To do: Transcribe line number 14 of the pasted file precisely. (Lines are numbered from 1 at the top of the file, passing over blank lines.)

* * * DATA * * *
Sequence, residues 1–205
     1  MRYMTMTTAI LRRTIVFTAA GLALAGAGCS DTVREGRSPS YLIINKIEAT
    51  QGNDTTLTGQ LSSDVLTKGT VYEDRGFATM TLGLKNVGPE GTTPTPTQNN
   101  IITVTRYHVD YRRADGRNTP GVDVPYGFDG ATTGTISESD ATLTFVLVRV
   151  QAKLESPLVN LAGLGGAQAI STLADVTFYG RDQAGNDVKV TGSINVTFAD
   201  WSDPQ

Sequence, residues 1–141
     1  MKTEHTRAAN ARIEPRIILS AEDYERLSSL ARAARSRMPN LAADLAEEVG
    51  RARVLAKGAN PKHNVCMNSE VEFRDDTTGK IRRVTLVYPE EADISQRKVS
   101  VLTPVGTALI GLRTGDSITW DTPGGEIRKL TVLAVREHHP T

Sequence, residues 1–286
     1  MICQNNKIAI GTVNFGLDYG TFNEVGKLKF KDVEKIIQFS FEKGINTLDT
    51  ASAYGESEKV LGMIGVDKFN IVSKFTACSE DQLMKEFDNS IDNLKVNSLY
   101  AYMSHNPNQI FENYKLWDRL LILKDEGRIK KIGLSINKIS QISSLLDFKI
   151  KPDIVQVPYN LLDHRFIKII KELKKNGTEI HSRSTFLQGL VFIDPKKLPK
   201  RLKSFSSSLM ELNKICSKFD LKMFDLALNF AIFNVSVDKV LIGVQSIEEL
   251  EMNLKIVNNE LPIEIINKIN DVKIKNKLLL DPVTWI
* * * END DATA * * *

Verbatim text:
   101  AYMSHNPNQI FENYKLWDRL LILKDEGRIK KIGLSINKIS QISSLLDFKI